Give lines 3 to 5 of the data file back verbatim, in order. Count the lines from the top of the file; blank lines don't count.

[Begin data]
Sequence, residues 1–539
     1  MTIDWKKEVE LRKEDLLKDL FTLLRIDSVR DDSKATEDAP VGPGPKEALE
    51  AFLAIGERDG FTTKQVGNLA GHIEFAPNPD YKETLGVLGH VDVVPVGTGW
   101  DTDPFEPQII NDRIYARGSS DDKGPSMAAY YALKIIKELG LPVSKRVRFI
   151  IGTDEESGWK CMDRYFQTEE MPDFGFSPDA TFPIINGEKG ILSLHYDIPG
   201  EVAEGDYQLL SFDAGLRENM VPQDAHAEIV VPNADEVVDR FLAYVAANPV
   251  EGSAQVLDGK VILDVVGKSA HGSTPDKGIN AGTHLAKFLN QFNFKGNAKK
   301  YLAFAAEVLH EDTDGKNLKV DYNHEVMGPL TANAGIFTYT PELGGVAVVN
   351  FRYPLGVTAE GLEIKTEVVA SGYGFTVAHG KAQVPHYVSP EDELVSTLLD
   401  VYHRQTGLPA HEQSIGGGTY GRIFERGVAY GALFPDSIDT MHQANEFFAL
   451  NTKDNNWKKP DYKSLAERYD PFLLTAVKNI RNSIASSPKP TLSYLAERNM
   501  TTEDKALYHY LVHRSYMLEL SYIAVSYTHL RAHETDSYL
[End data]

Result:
    51  AFLAIGERDG FTTKQVGNLA GHIEFAPNPD YKETLGVLGH VDVVPVGTGW
   101  DTDPFEPQII NDRIYARGSS DDKGPSMAAY YALKIIKELG LPVSKRVRFI
   151  IGTDEESGWK CMDRYFQTEE MPDFGFSPDA TFPIINGEKG ILSLHYDIPG